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Tropentag, September 20 - 22, 2023, Berlin

"Competing pathways for equitable food systems transformation:
trade-offs and synergies"

Mapping crop types and cropping systems in Nigeria with sentinel-2 imagery

Esther S. Ibrahim1, Philippe Rufin 2, Leon Nill 1, Bahareh Kamali3, Claas Nendel1, Patrick Hostert 1

1Leibniz-Centre for Agric. Landscape Res. (ZALF), Germany
2Humboldt-Universität zu Berlin, Geography Department, Germany
3University of Bonn, Inst. Crop Sci. and Res. Conserv. (INRES), Germany


Reliable crop-type maps from satellite data are an essential prerequisite for quantifying crop growth, health, and yields. However, such maps do not exist for most parts of Africa, where smallholder farming dominates. Prevalent cloud cover, small farm sizes, and mixed cropping systems pose substantial challenges when creating crop-type maps for sub-Saharan Africa (SSA). There is accordingly the need to explore remote sensing data more rigorously and to develop methodologies for detecting and mapping crops. We here suggest a mapping scheme based on freely available Sentinel-2 A/B (S2) time series and very high-resolution SkySat data to map the main crops, maize and potato, and intercropping systems including these two crops for the main crop production region of Nigeria, Jos Plateau. We analysed the spectral-temporal behaviour of mixed crop classes to improve our understanding of inter-class spectral mixing. Building on the Framework for Operational Radiometric Correction for Environmental Monitoring (FORCE), we preprocessed S2 time series and derived spectral-temporal metrics (STM) from S2 spectral bands for the main temporal cropping windows. These STMs were used as input features in a hierarchical random forest classification. Our crop type mapping resulted in the first wall-to-wall crop type map for this key agricultural region of Nigeria and achieved an overall accuracy of 84% for crop/non-crop discrimination, and 72% for the five most relevant crop classes. Maize is the dominant crop, followed by mixed cropping systems, including maize–cereals and potato–maize cropping; potato was found to be the least prevalent class. About 48% of the mapped classes of interest are intercropped, further revealing the implication of intercropping in smallholder regions. Plot analyses based on a sample of 1,166 individual fields revealed largely homogeneous mapping patterns, demonstrating the effectiveness of our classification system also for intercropped classes, which are temporally and spatially heterogeneous. Moreover, we found that small field sizes (75% of fields smaller than 1 ha) were dominant in all crop types, regardless of whether or not intercropping was used. Our study offers guidance for creating crop-type maps for smallholder-dominated systems where intercropping is prominent, which are previously lacking. Mapping intercropped classes will provide better yield estimates for smallholder regions.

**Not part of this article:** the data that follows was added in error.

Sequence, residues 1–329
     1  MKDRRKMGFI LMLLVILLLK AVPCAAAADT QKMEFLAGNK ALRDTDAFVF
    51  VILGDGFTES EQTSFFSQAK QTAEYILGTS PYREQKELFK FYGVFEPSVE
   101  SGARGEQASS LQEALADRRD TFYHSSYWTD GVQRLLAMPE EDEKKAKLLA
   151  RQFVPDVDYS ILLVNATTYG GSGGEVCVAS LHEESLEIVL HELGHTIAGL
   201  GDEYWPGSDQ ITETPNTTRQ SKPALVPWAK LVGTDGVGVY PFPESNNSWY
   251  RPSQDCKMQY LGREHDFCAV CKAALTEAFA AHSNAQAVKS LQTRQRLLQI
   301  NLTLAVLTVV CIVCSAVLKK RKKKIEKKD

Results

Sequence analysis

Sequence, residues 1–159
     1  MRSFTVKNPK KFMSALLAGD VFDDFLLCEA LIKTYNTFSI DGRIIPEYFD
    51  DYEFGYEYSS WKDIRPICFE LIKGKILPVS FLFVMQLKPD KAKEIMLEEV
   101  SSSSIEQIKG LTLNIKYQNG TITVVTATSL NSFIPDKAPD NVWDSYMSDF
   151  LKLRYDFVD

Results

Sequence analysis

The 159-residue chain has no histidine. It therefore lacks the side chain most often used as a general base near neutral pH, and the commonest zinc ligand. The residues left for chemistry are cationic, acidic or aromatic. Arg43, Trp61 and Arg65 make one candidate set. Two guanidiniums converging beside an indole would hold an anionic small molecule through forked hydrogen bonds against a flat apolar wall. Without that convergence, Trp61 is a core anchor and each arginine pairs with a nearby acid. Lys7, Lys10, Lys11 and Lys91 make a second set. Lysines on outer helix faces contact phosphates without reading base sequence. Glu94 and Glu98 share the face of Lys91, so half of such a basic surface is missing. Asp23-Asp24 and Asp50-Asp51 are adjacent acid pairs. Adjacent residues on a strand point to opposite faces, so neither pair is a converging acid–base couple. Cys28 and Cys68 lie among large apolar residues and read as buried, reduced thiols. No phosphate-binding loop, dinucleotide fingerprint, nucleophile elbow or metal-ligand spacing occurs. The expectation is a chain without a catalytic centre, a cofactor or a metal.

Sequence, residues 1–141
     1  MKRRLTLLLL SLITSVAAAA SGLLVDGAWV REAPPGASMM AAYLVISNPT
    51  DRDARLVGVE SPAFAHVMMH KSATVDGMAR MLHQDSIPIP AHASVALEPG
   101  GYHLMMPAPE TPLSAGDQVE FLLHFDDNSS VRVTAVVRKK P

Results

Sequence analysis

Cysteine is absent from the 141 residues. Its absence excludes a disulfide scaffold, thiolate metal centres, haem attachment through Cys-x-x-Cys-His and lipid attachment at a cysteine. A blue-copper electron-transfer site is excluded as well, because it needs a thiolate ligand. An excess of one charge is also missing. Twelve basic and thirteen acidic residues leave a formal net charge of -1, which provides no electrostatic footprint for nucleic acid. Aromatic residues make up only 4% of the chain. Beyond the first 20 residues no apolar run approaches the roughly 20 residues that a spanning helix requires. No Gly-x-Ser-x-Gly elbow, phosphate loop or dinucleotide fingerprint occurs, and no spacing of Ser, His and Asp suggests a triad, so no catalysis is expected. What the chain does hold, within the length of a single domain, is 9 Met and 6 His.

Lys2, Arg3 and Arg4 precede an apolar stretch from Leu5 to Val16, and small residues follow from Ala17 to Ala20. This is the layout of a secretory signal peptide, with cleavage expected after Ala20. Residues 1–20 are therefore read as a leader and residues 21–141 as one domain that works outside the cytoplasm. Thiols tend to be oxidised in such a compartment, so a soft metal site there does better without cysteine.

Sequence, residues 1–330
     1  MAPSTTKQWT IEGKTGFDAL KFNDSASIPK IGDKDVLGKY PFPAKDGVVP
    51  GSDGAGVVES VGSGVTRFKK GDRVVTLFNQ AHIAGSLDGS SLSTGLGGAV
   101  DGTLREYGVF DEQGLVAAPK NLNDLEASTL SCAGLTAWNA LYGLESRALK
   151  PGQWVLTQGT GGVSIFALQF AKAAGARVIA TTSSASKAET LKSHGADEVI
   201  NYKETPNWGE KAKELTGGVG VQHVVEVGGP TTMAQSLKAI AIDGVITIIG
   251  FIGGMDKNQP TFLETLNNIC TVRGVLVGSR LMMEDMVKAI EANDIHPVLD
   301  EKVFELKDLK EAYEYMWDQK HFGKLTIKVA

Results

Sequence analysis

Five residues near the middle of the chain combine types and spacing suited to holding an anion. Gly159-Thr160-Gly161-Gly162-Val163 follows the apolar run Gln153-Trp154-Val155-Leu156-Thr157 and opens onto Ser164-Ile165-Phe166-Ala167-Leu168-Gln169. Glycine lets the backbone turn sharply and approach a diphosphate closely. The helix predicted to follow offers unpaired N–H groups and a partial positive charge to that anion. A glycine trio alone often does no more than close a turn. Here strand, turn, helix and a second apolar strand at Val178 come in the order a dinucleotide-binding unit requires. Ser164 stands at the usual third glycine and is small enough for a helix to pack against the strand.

Keywords: Spectral-temporal metrics, classification, intercropping, maize, potato, random forest, SkySat, smallholder agriculture, sub-Saharan Africa, time series

Contact Address: Esther S. Ibrahim, Leibniz-Centre for Agric. Landscape Res. (ZALF), Eberswalder Straße 84 , 10099 Müncheberg, Germany, e-mail: esther_shupel.ibrahim@zalf.de

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